Mental Health Disorder in Nigeria

I had the privilege of being interviewed on mental health disorder in Nigeria sometime ago by someone as learned and passionate as Miss Peace.

Miss Peace is a writer and curator of cliquetalkblog.com she’s an entrepreneur who’s passionate about youth development in Nigeria and she’s presently working on a project to better the lives of unemployed graduates.

Question: Why is the issue of mental health disorder in Nigeria more pervasive now than it was in the 80s and 90s?. Some people say it’s end time sign.

This is what I have to say link

Response: I think there are lots of reasons why mental health disorder in Nigeria is more pervasive now than it was in the 80s, but one major reason is that the world has become a global village in the sense that everything and everyone is interconnected in one form or the other. information is easily accessible and this means that things and people can be easily influenced and the dissemination of information is as fast as the speed of light compared to the 80s

Please click on any of the links to read her full questions and my responses and drop your feedback.

Thanks and God bless.

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SIWO Global News 19th November 2018 #219

Knowledge is Wealth

(For sharing, discussing, liking, praying and comments)

100 Women 2018- The Interviews:

Amina J Mohammed- Deputy Secretary General, United Nations

Zeinab Badawi talks to the Deputy Secretary General of the United Nations and we gain insight about what her gender, identity and past experiences bring to the job. Amina Mohammed is a former politician with conservative roots in north east Nigeria. In a jovial yet serious mood the two women roll-called the names of the all men former UN Secretary Generals, displayed at the foyer of the UN HQ in New York.

They stopped to look at one of particular interest to Amina. Often refrered to as one of the world’s most powerful women, she said her mentor was the late Kofi Annan, she refers to this man as her “touchstone” who encouraged her when she made her move from Millenial Development Goals (MDG) to Sustainable Development Goals (SDG). SDG deals with poverty eradication and targets. Kofi Annan in his quiet way advises a person to be focused, and as he did in Zimbabwe, the last work trip, he wanted the young people to realise, this is their future and to take it up. He reminded them that, the journey has pitfalls but to still go for it. The iplayer interview takes us to the the room of Security Council sessions. Public debates take place but it is sometimes closed for private debates as are other rooms.

She said the UN must stand with people who have been victimised, this was in answer to a question on how to handle the atrocities like the killing of Jamal Khashoggi, the journalist and that of Asia Bibi, a Pakistani Christian woman freed after eight years on death row for blasphemy. We learn that, UN has started an independent review on the case of the journalist, it’s being done for the family, profession and humanity. The UN Charter is to uphold justice, that’s why shining a light on the problem is good.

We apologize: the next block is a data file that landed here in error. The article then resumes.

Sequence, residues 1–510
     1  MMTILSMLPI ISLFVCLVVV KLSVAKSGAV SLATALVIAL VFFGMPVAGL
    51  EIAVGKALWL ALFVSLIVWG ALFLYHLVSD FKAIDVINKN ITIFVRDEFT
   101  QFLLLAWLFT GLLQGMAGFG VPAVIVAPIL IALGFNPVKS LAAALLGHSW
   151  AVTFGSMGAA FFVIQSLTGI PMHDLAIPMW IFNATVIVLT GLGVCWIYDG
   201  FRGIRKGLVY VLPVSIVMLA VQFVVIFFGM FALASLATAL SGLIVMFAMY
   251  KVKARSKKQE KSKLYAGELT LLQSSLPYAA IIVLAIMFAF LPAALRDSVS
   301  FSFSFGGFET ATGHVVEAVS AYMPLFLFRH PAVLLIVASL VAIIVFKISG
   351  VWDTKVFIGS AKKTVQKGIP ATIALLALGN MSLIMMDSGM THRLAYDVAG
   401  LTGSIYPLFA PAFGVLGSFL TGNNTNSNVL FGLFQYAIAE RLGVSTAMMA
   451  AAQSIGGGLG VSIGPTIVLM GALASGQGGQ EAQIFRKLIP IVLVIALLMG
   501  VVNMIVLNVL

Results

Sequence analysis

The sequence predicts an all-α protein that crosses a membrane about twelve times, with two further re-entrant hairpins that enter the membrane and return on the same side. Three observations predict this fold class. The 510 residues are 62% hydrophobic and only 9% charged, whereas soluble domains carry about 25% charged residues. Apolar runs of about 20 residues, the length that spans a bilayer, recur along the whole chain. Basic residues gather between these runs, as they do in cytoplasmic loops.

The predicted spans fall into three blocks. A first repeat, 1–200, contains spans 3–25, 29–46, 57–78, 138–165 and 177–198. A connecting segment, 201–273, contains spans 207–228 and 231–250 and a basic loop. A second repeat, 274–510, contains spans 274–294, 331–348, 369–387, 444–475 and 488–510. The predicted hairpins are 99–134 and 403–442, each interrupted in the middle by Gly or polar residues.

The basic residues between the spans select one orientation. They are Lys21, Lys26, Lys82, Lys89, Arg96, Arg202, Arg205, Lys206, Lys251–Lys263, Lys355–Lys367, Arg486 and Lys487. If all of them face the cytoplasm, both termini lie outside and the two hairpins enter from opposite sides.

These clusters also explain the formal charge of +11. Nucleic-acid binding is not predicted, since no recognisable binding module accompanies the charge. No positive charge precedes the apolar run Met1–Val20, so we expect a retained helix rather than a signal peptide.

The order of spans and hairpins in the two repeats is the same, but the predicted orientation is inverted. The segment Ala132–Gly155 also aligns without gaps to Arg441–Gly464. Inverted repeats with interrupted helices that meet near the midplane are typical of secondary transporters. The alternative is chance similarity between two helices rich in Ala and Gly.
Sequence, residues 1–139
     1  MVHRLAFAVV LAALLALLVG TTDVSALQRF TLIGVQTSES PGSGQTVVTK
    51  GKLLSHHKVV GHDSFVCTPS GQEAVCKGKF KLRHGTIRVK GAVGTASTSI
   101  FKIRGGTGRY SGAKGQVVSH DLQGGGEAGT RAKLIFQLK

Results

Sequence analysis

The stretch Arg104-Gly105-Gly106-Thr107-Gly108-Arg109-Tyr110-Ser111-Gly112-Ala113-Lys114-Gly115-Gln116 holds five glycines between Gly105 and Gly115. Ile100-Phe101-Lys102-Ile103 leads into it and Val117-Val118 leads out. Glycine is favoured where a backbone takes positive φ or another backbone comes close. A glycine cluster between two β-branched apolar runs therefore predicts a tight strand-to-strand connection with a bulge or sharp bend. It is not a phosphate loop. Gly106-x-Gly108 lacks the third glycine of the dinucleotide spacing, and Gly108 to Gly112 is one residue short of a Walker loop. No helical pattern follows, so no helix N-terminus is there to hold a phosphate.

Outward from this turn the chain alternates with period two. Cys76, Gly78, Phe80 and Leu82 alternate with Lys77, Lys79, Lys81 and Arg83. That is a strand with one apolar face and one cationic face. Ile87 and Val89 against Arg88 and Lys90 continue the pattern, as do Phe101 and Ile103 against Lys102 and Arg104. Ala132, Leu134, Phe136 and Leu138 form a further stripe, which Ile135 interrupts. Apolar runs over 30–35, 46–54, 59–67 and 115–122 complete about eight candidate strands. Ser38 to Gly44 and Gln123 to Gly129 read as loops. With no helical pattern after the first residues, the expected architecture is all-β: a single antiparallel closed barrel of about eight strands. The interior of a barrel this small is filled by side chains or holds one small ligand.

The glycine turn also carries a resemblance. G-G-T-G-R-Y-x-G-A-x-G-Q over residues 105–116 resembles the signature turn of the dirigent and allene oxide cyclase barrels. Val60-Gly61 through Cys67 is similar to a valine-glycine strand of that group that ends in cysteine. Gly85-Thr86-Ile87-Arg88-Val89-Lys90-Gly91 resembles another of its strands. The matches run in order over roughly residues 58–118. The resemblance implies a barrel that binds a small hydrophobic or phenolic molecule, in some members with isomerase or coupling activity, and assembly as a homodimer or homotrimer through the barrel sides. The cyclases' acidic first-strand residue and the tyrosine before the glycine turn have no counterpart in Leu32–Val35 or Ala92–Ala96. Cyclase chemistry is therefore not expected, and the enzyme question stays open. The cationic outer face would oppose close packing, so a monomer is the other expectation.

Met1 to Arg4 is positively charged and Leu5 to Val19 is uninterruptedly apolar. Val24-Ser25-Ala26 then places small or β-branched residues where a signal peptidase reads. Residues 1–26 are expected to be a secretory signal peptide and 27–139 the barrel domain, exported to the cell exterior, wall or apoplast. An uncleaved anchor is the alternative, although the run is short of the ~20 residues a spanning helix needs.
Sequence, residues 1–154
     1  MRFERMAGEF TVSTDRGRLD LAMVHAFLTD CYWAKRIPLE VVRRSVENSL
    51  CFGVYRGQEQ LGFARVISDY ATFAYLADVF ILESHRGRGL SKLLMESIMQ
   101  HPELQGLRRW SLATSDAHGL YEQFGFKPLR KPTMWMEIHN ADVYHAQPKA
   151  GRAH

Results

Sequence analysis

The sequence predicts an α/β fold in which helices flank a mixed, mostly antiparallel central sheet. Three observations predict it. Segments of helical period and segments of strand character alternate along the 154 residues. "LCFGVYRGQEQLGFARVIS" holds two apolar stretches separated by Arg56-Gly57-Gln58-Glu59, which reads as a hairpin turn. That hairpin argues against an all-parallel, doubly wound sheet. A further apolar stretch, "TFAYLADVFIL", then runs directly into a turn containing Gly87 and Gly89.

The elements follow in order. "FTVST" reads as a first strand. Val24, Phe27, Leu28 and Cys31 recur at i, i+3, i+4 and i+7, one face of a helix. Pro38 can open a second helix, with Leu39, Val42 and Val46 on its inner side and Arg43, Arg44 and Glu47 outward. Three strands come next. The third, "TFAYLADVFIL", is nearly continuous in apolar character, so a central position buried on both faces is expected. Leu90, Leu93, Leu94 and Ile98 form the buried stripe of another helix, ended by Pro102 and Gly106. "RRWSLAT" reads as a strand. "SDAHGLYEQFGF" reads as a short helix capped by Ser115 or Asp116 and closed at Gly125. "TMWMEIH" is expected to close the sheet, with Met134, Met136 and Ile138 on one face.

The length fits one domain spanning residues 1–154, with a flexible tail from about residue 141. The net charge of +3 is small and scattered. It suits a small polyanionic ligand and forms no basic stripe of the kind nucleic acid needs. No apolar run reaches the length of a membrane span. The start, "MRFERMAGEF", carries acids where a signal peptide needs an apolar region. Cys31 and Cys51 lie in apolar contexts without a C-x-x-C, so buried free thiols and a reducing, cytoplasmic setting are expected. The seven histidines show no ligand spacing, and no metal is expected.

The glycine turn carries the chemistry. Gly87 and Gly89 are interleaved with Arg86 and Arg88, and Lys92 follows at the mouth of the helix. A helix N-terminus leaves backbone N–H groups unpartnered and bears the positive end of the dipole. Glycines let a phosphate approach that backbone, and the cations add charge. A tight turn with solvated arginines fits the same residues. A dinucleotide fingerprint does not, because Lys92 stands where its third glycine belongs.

When will a woman be the next Secretary General is a question lots of people ask. Amina Mohammed thinks it will be soon because an incredible number of women came forward, many feel its the right time. It was pointed out to her that, she got her post through positive discrimination in the selection process by Antonio G who selected her as his deputy. Zeinab Badawi wanted to know if her gender and coming from the global south helped in her selection. “Yes,” said Amina, “and because he also chose a woman as Chef de Cabinet, so he has two women working on either side off him.” He had a vision for preventing poverty and implementing SDA therefore they work to prevent crisis and sustain peace. The profile of the deputy Segretary-General show her as one who is very qualified because she was instrumental in getting the sustainable development agenda in place. Her work on poverty eradication targets is known to the system, and was applauded by Ban Ki-Moon.

Amina wears the Muslim code of dress, she loves the challenge of her job and she agrees a different way of looking at how the SDA is achieved is necessary, it’s not just about at goals and targets. She has named SDG 5 “the docking station”, it is the Gender Equality and Women Empowerment goal. It is an integral part of all the 16, they also feed into each other. Equality, is necessary, we make it more than words, for example women need access to energy. “I am there for all, she says but I believe women are suffering more than men.” Girls don’t have the advantage of going to school, our sit in society must be accessible. We have to try much harder for the girl. There are 30% of women at the table now, why not create the capacity for 70% who have their rights and can reach their aspirations. “I don’t want to apologise for being a girl and be grateful for a seat at the table,” says Amina. We can deduce she wants girls and women to be equipped with all that is necessary to achieve, be effective and contribute to society, to be present and sit at the table.

Zeinab continues the interview, “You are eldest of 5 girls, of a Nigerian father and a British mother”. The Deputy Secretary-General’s father was a Vet and a herdsman, she grew up in a mainly female household. Her father was close to his mother, in his time not all children were educated and girls were especially not. He was the only one to be educated, however he made sure his children knew his sisters were special above his uncles. Amina observes the Muslim code of dress. Another question was, how did growing up in this community influence your upbringing? In answering she revealed that, in African everyone matters. Her father became a civil servant but he made sure the children knew your roots. From Environment Minister to UN Deputy Secretary-General takes a” determined woman” and so she was described by colleagues. Before that she was in an architecture job for 11 years, which she described the co-workers as sexist because they thought a biracial person who didn’t know the culture or spoke the language would be no good, locally referred to as “your blood is two.” But Amina and her sisters spoke the language, were brought up as Nigerians and Muslim, her mother helped them identify with one and learn about the other.

Her work must bring her to points of distress like violence, child brides, poverty and her coping mechanism is to make your voice heard, because everyone if they look hard and far enough into their family, they can find evidence of it. People with in positions of influence must speak out and share. Violence in Nigeria is on the increase and child brides with the patriarchal system make for a difficult situation, to deal with this all must take responsibility. Closer to home is sharing about her personal experience as a survivor of domestic violence. It is difficult to share because the victim doesn’t want the children to know(but they already do), or the workplace either in case it becomes a big issue there, parents reaction is a worry as is the media if one is in the public eye. One survives by acknowledging and sharing it. Asked how long the domestic abuse went on for and how she extricate herself? Her answer was, “A couple of years.” Zeinab replied, “That’s long enough.” To this Amina added, “One day is enough.” “We have to bring up a society that, really believes and actualises Zero Tolerance to violence against women”. As Deputy Secretary-General she doesn’t feel hopeless as in casess like Yemen, where 14 million are close to starvation, that is mostly women and children and 70000 have died. We use our voice and speak loudly against those doing horrifying acts against people.